RuPaul comes out in a yellow school girl plaid outfit that has one too many elements and greets judges Michelle Visage, Ross Matthews, and former Secret Celebrity Drag Race contestant and singer Hayley Kiyoko. Announcing that it is Teacher Appreciation Week, the queens and their teachers take to the runway. Walking the runway in pairs, the queens showcase their family resemblance as well as the bond they formed with their partners.
Sasha and Ferorcity Colby coordinate in pink palm print dresses that pay homage to Sasha’s Hawaiian roots. Their floral accented high ponytails and amplified curves perfectly represented Sasha’s brand of sex appeal. From the neck up, Loosey and Lala LaDuca are twins. From the neck down, their complimentary outfits, to borrow a term from Luxx, feel “generic.” Mistress and Madame Tang come off like they cloned Mae West in velvet gowns and extravagant boas. They smartly leave the runway with a lasting final impression as they simultaneously hug the wall. Luxx and Asia Azul look great, but should have added some disco moves on the runway to match their Halston-Studio 54 ensembles. More than any other team, they have a disconnect visually and in attitude. Antera and Electra follow in matching pink and black body suits enhanced by their size discrepancy. They feel like some kind of acrobatic performers in a circus or a double sister cabaret act like the Kelly sisters. Anetra should have done one of her flying somersaults over Electra to seal the win. The runway closes with an unneeded lip sync between the teachers.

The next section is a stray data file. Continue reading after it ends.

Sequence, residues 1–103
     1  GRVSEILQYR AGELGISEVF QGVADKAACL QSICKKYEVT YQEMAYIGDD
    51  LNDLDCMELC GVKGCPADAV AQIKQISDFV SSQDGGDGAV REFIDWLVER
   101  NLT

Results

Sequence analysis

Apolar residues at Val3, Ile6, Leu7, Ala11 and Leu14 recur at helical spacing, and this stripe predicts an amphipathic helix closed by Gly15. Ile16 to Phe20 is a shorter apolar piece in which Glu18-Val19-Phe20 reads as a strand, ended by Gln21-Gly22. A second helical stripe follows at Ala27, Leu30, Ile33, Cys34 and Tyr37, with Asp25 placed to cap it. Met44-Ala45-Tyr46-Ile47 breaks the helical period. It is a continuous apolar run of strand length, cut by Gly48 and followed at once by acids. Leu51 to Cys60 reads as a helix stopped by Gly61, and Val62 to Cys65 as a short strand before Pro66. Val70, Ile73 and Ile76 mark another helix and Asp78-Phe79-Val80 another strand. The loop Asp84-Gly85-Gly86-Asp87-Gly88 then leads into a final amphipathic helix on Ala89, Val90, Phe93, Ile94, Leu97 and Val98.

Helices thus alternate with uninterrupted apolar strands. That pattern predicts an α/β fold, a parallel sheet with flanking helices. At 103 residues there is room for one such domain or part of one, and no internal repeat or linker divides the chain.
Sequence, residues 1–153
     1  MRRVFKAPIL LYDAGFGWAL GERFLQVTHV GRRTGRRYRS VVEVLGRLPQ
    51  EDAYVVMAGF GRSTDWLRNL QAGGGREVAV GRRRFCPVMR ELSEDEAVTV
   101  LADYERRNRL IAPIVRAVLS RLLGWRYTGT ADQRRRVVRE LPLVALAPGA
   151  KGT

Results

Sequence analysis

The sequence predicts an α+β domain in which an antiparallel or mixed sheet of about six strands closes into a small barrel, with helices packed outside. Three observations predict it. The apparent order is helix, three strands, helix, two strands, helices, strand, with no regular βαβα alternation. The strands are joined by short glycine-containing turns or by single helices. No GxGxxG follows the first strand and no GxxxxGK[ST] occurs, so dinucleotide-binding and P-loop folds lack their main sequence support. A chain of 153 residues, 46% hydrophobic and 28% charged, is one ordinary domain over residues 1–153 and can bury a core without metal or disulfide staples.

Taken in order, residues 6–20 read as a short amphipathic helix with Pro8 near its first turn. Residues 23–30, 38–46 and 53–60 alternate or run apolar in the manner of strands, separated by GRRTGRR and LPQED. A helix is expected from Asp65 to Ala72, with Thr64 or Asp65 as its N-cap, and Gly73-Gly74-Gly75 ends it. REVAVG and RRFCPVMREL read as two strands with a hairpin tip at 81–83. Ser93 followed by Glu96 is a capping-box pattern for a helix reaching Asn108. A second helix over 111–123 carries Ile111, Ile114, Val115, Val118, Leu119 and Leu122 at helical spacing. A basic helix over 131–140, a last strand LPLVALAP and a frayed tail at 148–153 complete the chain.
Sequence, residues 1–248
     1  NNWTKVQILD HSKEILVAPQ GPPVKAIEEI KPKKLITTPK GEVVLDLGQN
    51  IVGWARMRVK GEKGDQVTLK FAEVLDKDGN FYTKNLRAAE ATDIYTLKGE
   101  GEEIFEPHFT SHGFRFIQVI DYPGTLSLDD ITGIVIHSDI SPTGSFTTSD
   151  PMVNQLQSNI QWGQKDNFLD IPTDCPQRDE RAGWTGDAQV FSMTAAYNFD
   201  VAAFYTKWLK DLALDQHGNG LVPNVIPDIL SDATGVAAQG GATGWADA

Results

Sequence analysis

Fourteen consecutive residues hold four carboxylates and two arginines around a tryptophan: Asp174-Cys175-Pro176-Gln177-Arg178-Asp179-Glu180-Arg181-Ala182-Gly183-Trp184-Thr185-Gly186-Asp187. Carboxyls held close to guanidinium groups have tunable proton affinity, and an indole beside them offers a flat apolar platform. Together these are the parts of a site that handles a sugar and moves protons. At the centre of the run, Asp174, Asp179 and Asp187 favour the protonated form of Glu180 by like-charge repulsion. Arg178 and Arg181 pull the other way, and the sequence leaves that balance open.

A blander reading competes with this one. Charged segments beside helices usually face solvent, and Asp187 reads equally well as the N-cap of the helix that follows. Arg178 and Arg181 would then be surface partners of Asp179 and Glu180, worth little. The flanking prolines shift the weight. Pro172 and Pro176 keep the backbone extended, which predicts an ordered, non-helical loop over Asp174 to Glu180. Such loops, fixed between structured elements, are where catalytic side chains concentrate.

Judging during makeover challenges can be suspect. They are looking for a family resemblance and connection, and Michelle even remarks that sometimes it’s more about “synergy” than “looking like one another.” This dichotomy of surface and depth allows the judges a lot of leeway in determining who is in the top and bottom. It often feels like the make over challenges come later in the season as a way for producers to secure the final contestants they desire. The judging alternates between minute superficial details and unquantifiable elements like personal connections and vibes between partners.
In terms of the looks, it feels as if Sasha, Mistress, or Anetra could win. Even with the “synergy” with their partners, all three did well. However, the edit suggests Anetra and Electra edge out a victory based on their narrative of overcoming insecurities and hate. With Sasha and Mistress safe, Loosey and Luxx land in the bottom thanks to minor issues such as a shoe and a lack of blue fabric in a garment. More importantly—a lesson for future competitors—Loosey and Luxx place bottom two because there is a palpable disconnect between themselves and their drag sisters.